Liverpool Cathedral's elevated position causes it to be battered by high winds
The Anglican cathedrals in Liverpool and Manchester are to get a total of nearly £200,000 in grants from English Heritage for renovation work.
The grant for Manchester Cathedral of £143,000 will fund the replacement of the old lead roof over the South Aisle which is splitting.
Liverpool Cathedral is to get £50,000 to repair the copper roofs on the Nave and on the Lady Chapel.
The grants are from English Heritage and the Wolfson Foundation.
Henry Owen John, English Heritage's North West regional director, said: "The region's cathedrals are landmark buildings in every sense of the word, but keeping them in good repair is a massive challenge."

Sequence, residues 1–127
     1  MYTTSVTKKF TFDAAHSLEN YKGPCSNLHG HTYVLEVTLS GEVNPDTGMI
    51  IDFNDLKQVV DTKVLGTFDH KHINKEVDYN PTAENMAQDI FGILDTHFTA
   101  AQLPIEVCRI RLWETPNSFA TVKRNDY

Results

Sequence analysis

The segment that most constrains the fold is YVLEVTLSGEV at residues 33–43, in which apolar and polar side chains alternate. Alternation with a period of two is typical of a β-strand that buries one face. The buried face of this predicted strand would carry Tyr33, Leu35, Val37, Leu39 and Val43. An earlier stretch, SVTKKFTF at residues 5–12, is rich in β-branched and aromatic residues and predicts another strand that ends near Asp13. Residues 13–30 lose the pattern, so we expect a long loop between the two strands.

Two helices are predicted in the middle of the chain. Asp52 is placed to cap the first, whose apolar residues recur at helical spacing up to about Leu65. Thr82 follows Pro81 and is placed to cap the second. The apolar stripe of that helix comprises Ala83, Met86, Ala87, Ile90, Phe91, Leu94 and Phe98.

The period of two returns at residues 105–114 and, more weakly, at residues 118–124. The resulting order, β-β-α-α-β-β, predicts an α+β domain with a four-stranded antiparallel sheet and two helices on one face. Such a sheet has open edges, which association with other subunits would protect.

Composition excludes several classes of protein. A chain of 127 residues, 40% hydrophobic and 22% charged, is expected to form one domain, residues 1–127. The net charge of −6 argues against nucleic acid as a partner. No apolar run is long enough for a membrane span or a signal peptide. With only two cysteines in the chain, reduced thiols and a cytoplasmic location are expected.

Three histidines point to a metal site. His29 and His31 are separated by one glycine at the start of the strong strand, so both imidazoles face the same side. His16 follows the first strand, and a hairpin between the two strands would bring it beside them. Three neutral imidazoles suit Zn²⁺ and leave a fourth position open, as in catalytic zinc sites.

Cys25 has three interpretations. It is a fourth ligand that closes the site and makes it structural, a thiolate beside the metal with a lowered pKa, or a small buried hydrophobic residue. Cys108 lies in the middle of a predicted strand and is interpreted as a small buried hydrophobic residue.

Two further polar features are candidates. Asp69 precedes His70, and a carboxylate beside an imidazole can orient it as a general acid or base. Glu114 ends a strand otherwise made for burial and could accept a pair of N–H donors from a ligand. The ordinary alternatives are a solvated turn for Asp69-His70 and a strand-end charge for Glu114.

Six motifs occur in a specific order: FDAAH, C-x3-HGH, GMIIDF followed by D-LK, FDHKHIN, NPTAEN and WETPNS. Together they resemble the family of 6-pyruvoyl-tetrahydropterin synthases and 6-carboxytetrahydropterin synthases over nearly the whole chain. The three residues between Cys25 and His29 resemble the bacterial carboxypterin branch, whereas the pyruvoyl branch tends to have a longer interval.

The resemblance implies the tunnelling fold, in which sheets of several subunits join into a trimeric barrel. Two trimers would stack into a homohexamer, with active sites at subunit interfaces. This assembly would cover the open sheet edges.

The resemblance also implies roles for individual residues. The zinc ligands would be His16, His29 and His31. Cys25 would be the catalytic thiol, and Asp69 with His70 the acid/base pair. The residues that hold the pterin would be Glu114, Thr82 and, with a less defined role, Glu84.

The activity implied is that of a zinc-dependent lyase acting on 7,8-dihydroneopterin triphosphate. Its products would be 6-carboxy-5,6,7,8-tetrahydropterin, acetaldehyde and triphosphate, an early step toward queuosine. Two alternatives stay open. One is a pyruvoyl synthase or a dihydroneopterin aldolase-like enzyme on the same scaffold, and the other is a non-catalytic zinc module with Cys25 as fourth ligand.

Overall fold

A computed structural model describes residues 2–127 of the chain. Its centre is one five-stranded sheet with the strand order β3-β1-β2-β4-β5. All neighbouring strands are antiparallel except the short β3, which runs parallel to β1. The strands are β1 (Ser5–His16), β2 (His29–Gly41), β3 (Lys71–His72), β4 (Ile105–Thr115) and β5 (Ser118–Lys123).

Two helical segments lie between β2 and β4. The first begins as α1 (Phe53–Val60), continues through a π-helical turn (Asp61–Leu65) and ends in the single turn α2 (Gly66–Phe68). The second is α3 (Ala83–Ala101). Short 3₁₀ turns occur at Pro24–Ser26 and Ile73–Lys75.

Manchester Cathedral's lead roof needs repairs after it began splitting
Justin Welby, Dean at Liverpool Anglican Cathedral, said: "This is a great award for our Great Space.
"It will support our funding of almost £100,000 of essential repairs to two copper roofs - on the Nave and on the Lady Chapel.
"Our cathedral is an important and highly recognisable building on the skyscape of Liverpool.
"As a major tourist attraction and venue it played a significant role in the success of Liverpool's capital of culture year with half a million visitors coming through our doors in 2008.
"The cathedral is in a very elevated position in Liverpool - often battered by high winds - and we are extremely grateful for English Heritage's assistance in preserving this fine building for the city."
A Manchester cathedral spokesman said an inspection in 2007 found that the building's lead roof was splitting.
"The grant is essential in ensuring the long term future of the historic building which has a history dating back to 1215 and has survived the ravages of German bombing in the last war but now needs protection against the ongoing threat posed by bad weather," he said.